Emily Dickinson

(10 December 1830 – 15 May 1886 / Amherst / Massachusetts)

I Meant To Have But Modest Needs - Poem by Emily Dickinson

476

I meant to have but modest needs—
Such as Content—and Heaven—
Within my income—these could lie
And Life and I—keep even—

But since the last—included both—
It would suffice my Prayer
But just for One—to stipulate—
And Grace would grant the Pair—

And so—upon this wise—I prayed—
Great Spirit—Give to me
A Heaven not so large as Yours,
But large enough—for me—

A Smile suffused Jehovah's face—
The Cherubim—withdrew—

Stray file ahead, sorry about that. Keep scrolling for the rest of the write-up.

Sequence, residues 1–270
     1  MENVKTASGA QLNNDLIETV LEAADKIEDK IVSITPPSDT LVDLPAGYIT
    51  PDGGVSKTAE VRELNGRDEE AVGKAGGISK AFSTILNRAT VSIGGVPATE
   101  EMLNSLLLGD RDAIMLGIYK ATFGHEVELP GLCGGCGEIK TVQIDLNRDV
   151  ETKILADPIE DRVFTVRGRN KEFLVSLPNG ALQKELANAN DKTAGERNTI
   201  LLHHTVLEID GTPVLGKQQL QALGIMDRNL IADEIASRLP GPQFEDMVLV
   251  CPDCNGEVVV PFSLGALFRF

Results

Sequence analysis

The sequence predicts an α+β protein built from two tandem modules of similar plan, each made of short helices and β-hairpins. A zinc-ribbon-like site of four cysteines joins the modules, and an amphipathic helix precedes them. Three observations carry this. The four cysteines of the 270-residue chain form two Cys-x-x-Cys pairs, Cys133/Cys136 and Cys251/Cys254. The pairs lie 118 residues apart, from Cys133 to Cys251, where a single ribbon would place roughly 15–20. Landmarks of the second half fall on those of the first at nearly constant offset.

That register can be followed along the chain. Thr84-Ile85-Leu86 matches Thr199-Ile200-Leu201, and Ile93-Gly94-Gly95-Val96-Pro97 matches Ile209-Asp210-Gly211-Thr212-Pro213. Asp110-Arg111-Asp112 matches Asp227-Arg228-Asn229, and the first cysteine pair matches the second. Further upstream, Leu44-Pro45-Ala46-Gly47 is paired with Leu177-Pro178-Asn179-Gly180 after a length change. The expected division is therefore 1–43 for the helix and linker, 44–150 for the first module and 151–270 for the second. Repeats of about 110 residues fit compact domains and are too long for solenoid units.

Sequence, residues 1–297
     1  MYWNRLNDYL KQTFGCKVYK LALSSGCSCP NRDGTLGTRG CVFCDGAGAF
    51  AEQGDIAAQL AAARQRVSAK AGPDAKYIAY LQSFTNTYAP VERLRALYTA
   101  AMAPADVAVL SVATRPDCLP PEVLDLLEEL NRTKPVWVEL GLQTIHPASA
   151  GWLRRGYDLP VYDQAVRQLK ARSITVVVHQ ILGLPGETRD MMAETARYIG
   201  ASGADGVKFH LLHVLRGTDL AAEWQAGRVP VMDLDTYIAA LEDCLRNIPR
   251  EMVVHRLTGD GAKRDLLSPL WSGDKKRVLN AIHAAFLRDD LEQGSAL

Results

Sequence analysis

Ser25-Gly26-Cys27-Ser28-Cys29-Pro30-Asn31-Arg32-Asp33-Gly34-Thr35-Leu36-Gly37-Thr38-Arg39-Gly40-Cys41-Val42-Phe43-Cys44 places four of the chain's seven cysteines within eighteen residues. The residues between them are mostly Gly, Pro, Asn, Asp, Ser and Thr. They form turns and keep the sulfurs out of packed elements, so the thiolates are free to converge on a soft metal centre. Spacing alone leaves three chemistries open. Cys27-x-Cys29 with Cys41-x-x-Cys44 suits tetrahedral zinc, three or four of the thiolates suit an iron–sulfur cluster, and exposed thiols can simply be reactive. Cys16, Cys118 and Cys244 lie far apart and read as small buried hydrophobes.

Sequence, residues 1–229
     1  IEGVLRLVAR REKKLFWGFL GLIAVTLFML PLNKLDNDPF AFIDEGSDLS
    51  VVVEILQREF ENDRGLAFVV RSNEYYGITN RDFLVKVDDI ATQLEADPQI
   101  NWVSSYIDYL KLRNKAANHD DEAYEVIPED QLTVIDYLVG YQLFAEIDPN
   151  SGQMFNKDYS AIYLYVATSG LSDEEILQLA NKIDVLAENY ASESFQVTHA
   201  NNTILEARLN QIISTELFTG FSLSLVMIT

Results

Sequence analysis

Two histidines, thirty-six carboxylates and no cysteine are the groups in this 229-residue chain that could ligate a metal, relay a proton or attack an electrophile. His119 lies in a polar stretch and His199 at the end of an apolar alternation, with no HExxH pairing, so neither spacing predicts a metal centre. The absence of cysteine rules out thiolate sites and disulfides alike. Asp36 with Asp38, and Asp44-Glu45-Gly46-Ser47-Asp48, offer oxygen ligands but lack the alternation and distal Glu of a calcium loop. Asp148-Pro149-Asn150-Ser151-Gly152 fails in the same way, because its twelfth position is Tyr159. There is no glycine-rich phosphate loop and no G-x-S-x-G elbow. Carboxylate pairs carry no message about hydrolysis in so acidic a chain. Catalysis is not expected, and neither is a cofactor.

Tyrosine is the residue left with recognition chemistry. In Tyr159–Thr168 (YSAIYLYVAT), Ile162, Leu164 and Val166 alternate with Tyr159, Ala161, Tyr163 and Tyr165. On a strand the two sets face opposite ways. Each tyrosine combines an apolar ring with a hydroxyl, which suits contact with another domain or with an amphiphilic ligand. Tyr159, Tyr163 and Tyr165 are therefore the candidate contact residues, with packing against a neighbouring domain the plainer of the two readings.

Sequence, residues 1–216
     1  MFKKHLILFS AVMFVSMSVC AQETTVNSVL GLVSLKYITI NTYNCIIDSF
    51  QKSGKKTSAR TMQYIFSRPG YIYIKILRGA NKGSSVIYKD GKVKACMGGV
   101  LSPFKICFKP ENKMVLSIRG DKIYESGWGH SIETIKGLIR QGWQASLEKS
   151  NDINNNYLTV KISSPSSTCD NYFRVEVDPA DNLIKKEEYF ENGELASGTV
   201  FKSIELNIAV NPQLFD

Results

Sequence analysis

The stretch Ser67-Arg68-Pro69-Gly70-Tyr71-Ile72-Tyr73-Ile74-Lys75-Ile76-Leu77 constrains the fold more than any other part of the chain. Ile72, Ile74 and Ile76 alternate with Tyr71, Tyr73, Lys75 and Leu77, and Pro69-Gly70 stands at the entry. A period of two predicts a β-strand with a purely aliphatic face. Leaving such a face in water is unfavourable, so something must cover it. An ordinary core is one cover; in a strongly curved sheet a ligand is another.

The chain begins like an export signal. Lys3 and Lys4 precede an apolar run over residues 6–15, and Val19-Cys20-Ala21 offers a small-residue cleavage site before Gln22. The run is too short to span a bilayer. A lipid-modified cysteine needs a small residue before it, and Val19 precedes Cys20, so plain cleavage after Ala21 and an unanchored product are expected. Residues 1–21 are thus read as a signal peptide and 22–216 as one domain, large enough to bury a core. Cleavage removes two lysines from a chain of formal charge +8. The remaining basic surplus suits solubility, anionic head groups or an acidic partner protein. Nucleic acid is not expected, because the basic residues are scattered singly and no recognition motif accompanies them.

Grave Saints stole out to look at me—
And showed their dimples—too—

I left the Place, with all my might—
I threw my Prayer away—
The Quiet Ages picked it up—
And Judgment—twinkled—too—
Tat one so honest—be extant—
It take the Tale for true—
That "Whatsoever Ye shall ask—
Itself be given You"—

But I, grown shrewder—scan the Skies
With a suspicious Air—
As Children—swindled for the first
All Swindlers—be—infer—


Comments about I Meant To Have But Modest Needs by Emily Dickinson

  • Gold Star - 8,819 Points Ronjoy Brahma (1/17/2015 8:19:00 PM)

    I like it, it is sweet.. (Report) Reply

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Read poems about / on: heaven, children, smile, child, sky



Poem Submitted: Monday, January 13, 2003



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